By 2040, one in five retail purchases in Australia could be made by smart appliances and household devices, according to a new prediction from Telsyte.

The figures are contained in Telsyte Australian [email protected] Market Study 2019 which forecasts the IoT-Commerce market could be worth more than $100 billion in Australia, or equivalent to around 20 per cent of consumer retail trade by 2040.

IoT-Commerce refers to purchases enabled or facilitated by smart appliances (eg smart fridges) and other [email protected] products such as smart speakers.

According to the report, the Australian [email protected] market grew 57 per cent during the past 12 months to $1.1 billion in 2018 and is forecast to reach $5.3 billion by 2023. This growth, predominantly driven by rapid adoption of smart speakers, is paving the way for a new style of shopping.

The report also predicts that by 2040, at least a quarter of appliances will have built-in sensors and partnerships to facilitate IoT-Commerce in countries like the USA, UK, Australia and New Zealand.

While still in its early days, Telsyte predicts IoT-Commerce will become mainstream within 10 years’ time. The analysts argue the new paradigm for digital commerce is set to have as much impact as eCommerce and mCommerce.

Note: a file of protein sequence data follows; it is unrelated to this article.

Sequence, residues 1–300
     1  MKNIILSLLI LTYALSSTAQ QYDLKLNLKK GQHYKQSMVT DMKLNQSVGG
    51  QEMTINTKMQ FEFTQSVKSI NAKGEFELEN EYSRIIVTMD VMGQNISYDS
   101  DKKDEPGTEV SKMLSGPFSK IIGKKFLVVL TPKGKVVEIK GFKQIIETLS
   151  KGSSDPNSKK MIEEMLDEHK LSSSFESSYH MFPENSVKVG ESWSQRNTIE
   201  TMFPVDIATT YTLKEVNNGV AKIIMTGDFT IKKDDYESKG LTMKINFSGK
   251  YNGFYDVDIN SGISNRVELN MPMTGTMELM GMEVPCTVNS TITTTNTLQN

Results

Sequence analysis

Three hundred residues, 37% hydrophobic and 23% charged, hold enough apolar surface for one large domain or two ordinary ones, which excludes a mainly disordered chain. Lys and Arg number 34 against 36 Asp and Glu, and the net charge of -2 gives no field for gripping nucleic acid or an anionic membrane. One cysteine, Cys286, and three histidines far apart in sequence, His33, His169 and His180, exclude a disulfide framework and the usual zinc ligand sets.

“IoT-Commerce is set to provide a more seamless and hassle-free experience when shopping for everyday household items, automating the process and freeing up time for Australians,” said Foad Fadaghi, MD of Telsyte.

Telsyte’s latest digital consumer study found “convenience” is overtaking price as the number one factor for purchasing goods online instead of in-store. The natural extension of this is for sellers to look at technologies that can generate greater convenience than current eCommerce experiences and [email protected] technology is a key enabler.

According to Telsyte’s research, close to half a million Australian households have subscribed to recurring delivery services during 2018, including services such as weekly meal delivery services or pet product delivery services, paving the way for more automated buying systems.

However, Telsyte recognises key challenges exist with IoT-Commerce, including resistance from existing channels and supply chains, as well as technical challenges in getting fragmented systems to work together.

While there are similar privacy and data security concerns for IoT-Commerce compared to overall [email protected] adoption, Telsyte research found saving money in the long term and the potential for free appliances in exchange for longer term service agreements (eg a free fridge for a multi-year minimum spend grocery provision agreement) might help the market grow.

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